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Slovakia chooses new 'fighting bombers' over radar

Defence Minister Pavol Kanis confirmed on May 23 his ministry's intention to purchase 35 to 50 subsonic jets to replace the country's aging Soviet-made Su-22 and Su-25 'fighting bombers,' which provide close air support to ground forces. While Kanis said that the purchase of the subsonic jets would serve to upgrade the country's shoddy air force, not everybody was happy with the decision.
Military experts have said that Slovakia's military forces are in dire need of upgrades in areas other than aircraft. One high ranking US Air Force expert said on May 22, under the condition of anonymity, that buying the jets would be a mistake, and that Slovakia should instead invest into the purchase of new radar systems.


The L-159 'fighting bomber', produced by the Czech Aero Vodochody firm, is one of the four contenders for a contract from the Slovak Defence Ministry.
photo. Courtesy Aero Vodochody

Defence Minister Pavol Kanis confirmed on May 23 his ministry's intention to purchase 35 to 50 subsonic jets to replace the country's aging Soviet-made Su-22 and Su-25 'fighting bombers,' which provide close air support to ground forces. While Kanis said that the purchase of the subsonic jets would serve to upgrade the country's shoddy air force, not everybody was happy with the decision.

Military experts have said that Slovakia's military forces are in dire need of upgrades in areas other than aircraft. One high ranking US Air Force expert said on May 22, under the condition of anonymity, that buying the jets would be a mistake, and that Slovakia should instead invest into the purchase of new radar systems.

"It would be a political and economic mistake for Slovakia to become committed to these jet planes before it solves [more pressing issues] such as interoperability and language training issues in the Membership Action Plan [a NATO programme for non-member countries]," he said. "As a rule, NATO and US officials have tried to point Slovakia away from [the country's existing] 'platform' radars towards the C3ISR [advanced three dimensional radar] systems, including air surveillance radars, border security systems, and command and control."

But Kanis has other ideas. Instead of paying large sums for the advanced radars now (which would make Slovak airspace fully compatible with NATO standards), he told The Slovak Spectator on May 23 that the Ministry would go ahead with the purchase and bank on NATO's providing free radars to the country once Slovakia gained membership in the alliance.

"We've decided to purchase the new planes," he said. "Just to improve [rather than purchase new] radar systems would cost about 1.5 billion Slovak crowns [$32,000,000]. We have to think strategically - after we enter NATO, perhaps we'll get the radars for free as the Hungarians did."

Kanis was referring to the radars Hungary received last year, compliments of NATO, during the alliance's bombing raids in Yugoslavia. However, NATO officials warned that the Hungarians, as the northern neighbour to Serbia, had been in a special situation which called for the radars to be installed immediately. Whether Slovakia will also receive such infrastructure upgrades is uncertain, they said.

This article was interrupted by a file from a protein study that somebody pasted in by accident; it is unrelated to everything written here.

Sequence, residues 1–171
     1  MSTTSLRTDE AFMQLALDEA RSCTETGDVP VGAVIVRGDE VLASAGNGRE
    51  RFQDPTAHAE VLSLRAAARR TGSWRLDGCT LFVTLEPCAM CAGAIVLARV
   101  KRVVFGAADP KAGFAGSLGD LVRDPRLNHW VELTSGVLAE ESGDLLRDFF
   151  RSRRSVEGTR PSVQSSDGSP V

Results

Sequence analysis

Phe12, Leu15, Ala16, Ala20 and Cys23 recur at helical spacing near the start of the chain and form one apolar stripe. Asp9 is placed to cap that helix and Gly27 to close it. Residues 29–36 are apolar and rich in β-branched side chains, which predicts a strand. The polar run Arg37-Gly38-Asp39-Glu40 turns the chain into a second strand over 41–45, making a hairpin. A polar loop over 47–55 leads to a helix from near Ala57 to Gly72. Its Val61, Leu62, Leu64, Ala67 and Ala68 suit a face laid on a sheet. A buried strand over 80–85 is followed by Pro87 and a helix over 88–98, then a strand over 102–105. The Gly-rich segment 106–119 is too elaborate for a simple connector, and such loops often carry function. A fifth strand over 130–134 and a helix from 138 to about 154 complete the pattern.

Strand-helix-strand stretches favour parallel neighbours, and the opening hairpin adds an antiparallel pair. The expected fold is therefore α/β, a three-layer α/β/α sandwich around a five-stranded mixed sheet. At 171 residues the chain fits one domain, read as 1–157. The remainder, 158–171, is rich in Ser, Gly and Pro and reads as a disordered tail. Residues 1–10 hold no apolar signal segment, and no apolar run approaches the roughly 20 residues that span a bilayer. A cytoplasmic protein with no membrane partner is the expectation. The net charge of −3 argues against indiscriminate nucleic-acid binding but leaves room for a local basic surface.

"NATO's infrastructure budget is very limited [$806 million, to be divided amongst all current 19 NATO countries, as well as some candidate countries]," said Vladimír Jakabčín, the head of the NATO and Western European Union section at the Slovak Foreign Affairs Ministry. "All expenses thus have to be agreed on by all NATO members and given only to projects useful to the needs of the alliance as a whole."

Other observers also found Kanis' decision to be faulty. Ivo Samson, a security analyst with the Bratislava-based Slovak Foreign Policy Association, said: "Although Kanis' thinking [that NATO would eventually purchase the radar systems for Slovakia] may come true, I don't think it's good for Slovaks to view NATO simply as a donor to our needs."

Samson added that the majority of the Slovak population still knew little about NATO, and that educating the public about the relationship between the alliance and Slovakia could take 15 years. "People still believe NATO will build new airports, railroads and highways for us. It could happen, but in no way can this be the reason to enter the alliance. Rather, we should enter only because we share the values of NATO."

Although Samson questioned Slovakia's motivation for joining NATO, the decision to purchase the jets rather than the radar is not expected to harm the country's western ambitions.

"This issue of 'planes or radars' can't in any way damage Slovakia's integration into NATO," said a Czech military official who wished to remain anonymous. "For the Czechs, as a NATO member, it isn't important whether Slovakia first buys planes or radars. What is important is that Slovakia is compatible with other NATO members and that the country continues to progress towards achieving alliance membership."

Kanis said that his ministry would open a tender by November of this year to contract a company from which the jets would be purchased. Defence Ministry spokesman Pavol Vitko said on May 30 that four jet producers - Aero Vodochody (Czech Republic), BAE Systems (UK), Mapo (Russia) and Sokol (Russia) - had so far been contacted by the ministry. "All those producers received our letter, but I won't tell you which companies responded because the deadline to do so is May 31."

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